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Study reveals how lockdown affected sex lives of people in Britain

Study reveals how lockdown affected sex lives of people in Britain

Lockdown affected people’s sex lives in a variety of different ways with young people reporting the greatest changes, according to a new study, published today in BMJ Sexually Transmitted Infections.

The study, led by University College London (UCL) and the University of Glasgow in collaboration with the London School of Hygiene & Tropical Medicine (LSHTM) and NatCen Social Research, is the largest national study of sexual behaviors since the beginning of the pandemic.

The researchers used data from 6,654 people aged between 18 and 59 who took part in a Natsal-COVID web-panel survey, collected between 20 July and 10 August 2020. Participants were asked a series of questions about their sexual behavior (including physical and virtual activities) during the first four months of lockdown.

This study is part of a long-standing collaboration between LSHTM, UCL, University of Glasgow and NatCen Social Research – the Natsal project, one of the largest scientific studies of sexual health and lifestyles in the world. The surveys have been carried out every 10 years since 1990 to reveal the changing sexual attitudes and behavior of the British population.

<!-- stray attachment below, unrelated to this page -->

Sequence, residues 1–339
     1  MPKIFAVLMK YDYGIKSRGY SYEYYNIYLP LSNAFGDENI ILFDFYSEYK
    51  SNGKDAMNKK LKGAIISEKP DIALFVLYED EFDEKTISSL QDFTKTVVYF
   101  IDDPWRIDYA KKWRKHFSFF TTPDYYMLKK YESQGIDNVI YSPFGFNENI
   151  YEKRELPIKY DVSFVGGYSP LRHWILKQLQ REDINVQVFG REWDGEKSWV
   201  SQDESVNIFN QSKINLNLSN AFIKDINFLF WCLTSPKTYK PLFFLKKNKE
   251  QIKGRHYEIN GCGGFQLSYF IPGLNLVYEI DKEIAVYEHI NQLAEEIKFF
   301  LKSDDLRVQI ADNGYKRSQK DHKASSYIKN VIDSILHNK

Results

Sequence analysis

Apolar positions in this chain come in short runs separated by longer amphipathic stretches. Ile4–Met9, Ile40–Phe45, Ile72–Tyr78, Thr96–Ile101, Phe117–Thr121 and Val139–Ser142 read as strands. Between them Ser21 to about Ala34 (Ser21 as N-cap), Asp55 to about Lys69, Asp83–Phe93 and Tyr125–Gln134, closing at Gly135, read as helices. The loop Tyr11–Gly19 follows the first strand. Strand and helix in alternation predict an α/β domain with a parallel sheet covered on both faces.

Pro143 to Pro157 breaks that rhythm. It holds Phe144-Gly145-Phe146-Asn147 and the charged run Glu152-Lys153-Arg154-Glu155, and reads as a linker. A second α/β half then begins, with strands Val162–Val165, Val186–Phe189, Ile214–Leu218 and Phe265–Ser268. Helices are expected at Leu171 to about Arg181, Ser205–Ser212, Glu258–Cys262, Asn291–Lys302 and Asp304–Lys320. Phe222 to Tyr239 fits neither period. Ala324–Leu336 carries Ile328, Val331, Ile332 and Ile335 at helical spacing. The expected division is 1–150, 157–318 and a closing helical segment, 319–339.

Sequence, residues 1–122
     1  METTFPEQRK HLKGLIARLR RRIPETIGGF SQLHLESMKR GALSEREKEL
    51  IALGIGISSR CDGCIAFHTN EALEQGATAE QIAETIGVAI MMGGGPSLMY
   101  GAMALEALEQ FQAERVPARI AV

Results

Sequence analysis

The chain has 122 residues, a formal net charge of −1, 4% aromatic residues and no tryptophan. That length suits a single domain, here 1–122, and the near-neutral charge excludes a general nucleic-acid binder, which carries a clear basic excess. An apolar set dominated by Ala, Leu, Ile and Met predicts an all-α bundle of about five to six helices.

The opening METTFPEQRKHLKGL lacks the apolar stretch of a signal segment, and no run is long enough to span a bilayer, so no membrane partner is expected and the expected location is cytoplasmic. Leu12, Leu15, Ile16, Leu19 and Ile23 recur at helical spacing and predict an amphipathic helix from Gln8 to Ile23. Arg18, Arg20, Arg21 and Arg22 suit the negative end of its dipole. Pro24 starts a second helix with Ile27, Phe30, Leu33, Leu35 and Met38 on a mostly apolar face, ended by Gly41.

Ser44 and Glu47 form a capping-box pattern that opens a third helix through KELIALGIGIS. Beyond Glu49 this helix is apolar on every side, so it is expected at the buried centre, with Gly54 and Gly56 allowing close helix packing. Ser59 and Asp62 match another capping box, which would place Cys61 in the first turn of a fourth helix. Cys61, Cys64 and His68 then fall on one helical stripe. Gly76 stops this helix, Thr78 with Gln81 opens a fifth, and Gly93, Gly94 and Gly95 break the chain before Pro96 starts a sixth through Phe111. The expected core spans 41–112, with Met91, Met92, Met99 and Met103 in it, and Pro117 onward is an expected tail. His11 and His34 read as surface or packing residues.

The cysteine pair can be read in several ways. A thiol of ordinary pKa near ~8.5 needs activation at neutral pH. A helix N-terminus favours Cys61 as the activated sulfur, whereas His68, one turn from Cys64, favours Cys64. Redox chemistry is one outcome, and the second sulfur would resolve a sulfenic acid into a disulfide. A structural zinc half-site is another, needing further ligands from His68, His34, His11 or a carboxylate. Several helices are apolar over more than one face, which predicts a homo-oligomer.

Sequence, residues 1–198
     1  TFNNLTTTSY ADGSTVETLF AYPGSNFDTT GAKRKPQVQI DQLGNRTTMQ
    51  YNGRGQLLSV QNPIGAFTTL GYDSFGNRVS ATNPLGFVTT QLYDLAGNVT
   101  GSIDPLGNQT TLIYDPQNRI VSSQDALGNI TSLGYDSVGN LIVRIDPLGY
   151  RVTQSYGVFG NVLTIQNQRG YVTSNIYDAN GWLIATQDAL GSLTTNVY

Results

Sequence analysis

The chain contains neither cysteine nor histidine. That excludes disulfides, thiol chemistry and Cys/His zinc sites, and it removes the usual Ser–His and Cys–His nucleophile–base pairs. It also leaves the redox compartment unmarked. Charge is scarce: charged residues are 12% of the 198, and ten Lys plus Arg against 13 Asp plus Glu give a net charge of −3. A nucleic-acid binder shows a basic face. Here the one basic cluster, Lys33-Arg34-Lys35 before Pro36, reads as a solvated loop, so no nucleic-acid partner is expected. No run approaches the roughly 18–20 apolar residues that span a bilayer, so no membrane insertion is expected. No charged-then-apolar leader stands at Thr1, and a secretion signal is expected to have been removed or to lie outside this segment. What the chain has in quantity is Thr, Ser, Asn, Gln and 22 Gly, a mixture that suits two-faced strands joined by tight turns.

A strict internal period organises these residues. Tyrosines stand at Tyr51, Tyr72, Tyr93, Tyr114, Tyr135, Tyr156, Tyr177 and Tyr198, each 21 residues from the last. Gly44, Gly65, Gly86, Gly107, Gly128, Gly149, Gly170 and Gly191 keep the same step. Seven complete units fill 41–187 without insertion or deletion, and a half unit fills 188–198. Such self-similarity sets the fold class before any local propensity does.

Professor Cath Mercer, from UCL Institute of Global Health and co-first author of the paper, said: “During the first nationwide lockdown, many people in Britain were unable to have intimate contact with anyone outside their household and we wanted to find out how this affected their sexual behavior.

“What we found was a very varied picture depending on people’s circumstances at the start of lockdown: for some people, their sex lives improved, for some it stayed the same, while for many it got worse. Although many adults, especially if they were living with a partner, continued to be sexually active and reported little change, for those who didn’t live with someone, Covid-19 restrictions were particularly detrimental.”

 

The pandemic has affected all of us in many different ways – physically, mentally, financially. It is not surprising that sexual behavior changes were experienced unequally across Britain, with younger people and those not cohabiting more likely to perceive negative changes in frequency and satisfaction as a result of COVID-19.

 

This is early research and we don’t yet know the long-term effect these changes could have on people – their sexual behaviors, mental health, relationships and more. We hope to further explore the longer-term impacts of the pandemic on sexual behavior through the next Natsal survey, when we will be able to collect nationally representative data on sexual behaviors, health and relationships. This work is important both to understand longer-term consequences of the pandemic on this important aspect of people’s lives, but also for health services.”

 

Dr Clare Tanton, Assistant Professor at LSHTM

 

Altogether, 63% of adults reported having physical sex with someone after lockdown started, and of those people, three quarters (76%) said they were in cohabiting relationships. When participants were asked how often they engaged in sexual activities, around half of all participants said there was no change in the number of times they had sex with a partner compared to the three months before lockdown.